Information Wants to Be Free

A cybernetic male elf standing atop a floating platform overlooking a sprawling metropolis, city alive with shimmering lights, interconnected sky-bridges, and stream of floating cars, elf's body adorned with lit glyphs harmonizing with the pulsating lights of the city, Photography, shot with a wide-angle lens with a focal length of 35mm

This summer, as part of my doctoral work, one of my courses focuses on leading organizational change. The text, Leadership and the New Science, offers a challenging perspective on leadership.

While we normally think of organizations as well-structured, curated entities, the author here delves into fields of quantum physics and chaos theory, positing that the structure of an organization only becomes apparent after being constructed naturally, after the chaos.

Yes, it’s different. But I’m enjoying the perspective, particularly when thinking about public schools and how we just keep trying to organize teachers and students into neat little groups that fit into certain categories.

Hint: that don’t work. Period.

Forgive my foray into Kentucky speak.

Information was the topic of a recent chapter and how it influences organizations. Or, perhaps, how it builds organizations, giving life to them.

Below are some thoughts I shared with the group:

“In a constantly evolving, dynamic universe, information is a fundamental yet invisible player, one we can’t see until it takes physical form. Something we cannot see, touch, or get our hands on is out there, influencing life. Information seems to be managing us”

Wheatley, 2006, p. 96

For most of my life, I’ve been a dealer in information. Whether it was teaching amateur performers how to harmonize in a small church choir, training employees and salespeople, teaching middle school math students, or writing articles, videos, tweets, podcasts, etc., for people worldwide on technology and education topics, I’m an information dealer.

Information, above all else, wants to be and should be free. At least, that’s what people who are smarter than me have said. Stewart Brand brought this concept into being in the early years—the very early years—of the digital age. At the first Hacker’s Conference, then again in his 1987 book The Media Lab, Brand declared, “Information wants to be free” (Brand, 1987; O’Leary, 2009). This thought became a slogan for the early hacker community (no, not those hackers, the good kind), placed forever in Hacker Ethics (The Hacker’s Ethic, 2001).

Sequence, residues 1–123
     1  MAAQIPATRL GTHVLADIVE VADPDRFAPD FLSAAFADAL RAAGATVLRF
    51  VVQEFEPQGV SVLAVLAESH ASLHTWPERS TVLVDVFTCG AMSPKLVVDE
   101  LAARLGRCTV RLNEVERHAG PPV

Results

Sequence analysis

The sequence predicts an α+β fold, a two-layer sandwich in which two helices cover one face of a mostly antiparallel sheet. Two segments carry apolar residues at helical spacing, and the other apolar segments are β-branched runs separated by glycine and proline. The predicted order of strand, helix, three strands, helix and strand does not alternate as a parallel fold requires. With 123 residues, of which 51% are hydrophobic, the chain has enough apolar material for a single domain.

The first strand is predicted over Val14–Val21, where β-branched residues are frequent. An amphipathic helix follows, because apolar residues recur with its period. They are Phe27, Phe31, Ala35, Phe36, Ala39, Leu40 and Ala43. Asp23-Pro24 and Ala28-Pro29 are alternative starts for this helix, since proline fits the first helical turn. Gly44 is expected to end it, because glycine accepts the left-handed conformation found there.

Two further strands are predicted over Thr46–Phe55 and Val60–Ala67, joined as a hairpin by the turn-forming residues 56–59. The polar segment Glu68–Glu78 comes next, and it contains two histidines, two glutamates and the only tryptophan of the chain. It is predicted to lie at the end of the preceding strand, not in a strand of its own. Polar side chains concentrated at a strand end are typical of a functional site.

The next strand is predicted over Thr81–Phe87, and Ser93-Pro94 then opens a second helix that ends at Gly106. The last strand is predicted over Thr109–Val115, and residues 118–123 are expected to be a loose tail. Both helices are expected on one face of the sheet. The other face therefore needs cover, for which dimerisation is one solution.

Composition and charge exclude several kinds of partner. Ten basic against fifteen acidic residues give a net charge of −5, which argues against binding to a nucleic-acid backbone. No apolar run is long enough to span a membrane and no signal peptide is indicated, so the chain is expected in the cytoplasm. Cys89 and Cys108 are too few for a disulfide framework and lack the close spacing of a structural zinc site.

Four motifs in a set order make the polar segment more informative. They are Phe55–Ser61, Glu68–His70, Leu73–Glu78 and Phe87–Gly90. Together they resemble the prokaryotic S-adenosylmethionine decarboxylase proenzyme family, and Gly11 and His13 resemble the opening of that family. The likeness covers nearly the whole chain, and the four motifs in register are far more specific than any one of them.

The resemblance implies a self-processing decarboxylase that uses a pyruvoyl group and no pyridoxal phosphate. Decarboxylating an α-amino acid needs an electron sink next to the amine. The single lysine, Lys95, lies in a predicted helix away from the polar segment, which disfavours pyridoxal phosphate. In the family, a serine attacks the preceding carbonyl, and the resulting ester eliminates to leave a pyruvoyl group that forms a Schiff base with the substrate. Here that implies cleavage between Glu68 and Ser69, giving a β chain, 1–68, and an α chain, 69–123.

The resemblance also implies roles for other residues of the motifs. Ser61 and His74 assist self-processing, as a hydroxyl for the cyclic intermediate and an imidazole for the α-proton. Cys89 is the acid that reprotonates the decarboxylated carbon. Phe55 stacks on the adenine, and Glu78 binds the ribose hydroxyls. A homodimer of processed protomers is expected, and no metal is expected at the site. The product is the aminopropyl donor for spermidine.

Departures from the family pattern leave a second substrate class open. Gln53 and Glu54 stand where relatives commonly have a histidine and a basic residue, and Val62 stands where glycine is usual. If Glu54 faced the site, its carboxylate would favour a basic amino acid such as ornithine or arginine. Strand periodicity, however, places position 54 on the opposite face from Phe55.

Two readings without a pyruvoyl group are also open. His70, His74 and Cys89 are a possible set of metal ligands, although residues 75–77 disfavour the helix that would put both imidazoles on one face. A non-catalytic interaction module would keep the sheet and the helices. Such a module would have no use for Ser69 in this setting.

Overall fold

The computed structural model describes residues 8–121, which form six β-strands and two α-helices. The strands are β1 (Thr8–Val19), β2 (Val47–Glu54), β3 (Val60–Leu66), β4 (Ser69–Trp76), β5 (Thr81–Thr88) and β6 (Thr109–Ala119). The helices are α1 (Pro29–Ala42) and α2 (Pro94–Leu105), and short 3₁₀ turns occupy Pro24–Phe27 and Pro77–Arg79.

The Internet, at first a connection between 12 universities to share resources and information (High, 2018), became the democratizing force of the modern world. Over several decades, the internet has made it easier and faster to access vast information and knowledge from anywhere in the world (Castells, n.d.).

But what does this have to do with organizational leadership? Every organization communicates, and what they communicate, in its simplest form, is information.

As Wheatley (2006) discusses, information is a fundamental player in every organization, including schools (p. 96). In my experience, communicating information to every stakeholder is essential for a well-functioning school. Communicating with all stakeholders builds trust, transparency, and a positive school culture. When school leaders effectively communicate with students, parents, staff, and community members, they can keep everyone informed about what is happening inside the school and create a sense of belonging and ownership (Gurganus, 2019).

When I think about the flow of information in schools, I think back to Wheatley’s (2006) words on the Colorado River finding more than one way to reach the ocean (p.18) and how schools are finding new ways to share information within the organization as well as with the broader school community. I can only think that, as we get better at sharing information, our schools will continue to improve, and our discussions about what is equitable for all students will help guide education into a bright future.


Brand, S. (1987). The media lab: Inventing the future at MIT. Viking.

Castells, M. (n.d.). The impact of the internet on society: A global perspective. OpenMind. Retrieved June 11, 2023, from

Gurganus, R. (2019, May 7). Reaching the masses: Communicating with all stakeholders. NASSP.

High, P. (2018, March 26). The father of the internet, Vint Cerf, continues to influence its growth. Forbes.

O’Leary, B. (2009, October 20). 75 words. Magellan Media Partners.

The hacker’s ethic. (2001, November 30).

Wheatley, M. J. (2006). Leadership and the new science: Discovering order in a chaotic world (3rd ed). Berrett-Koehler Publishers, Inc.

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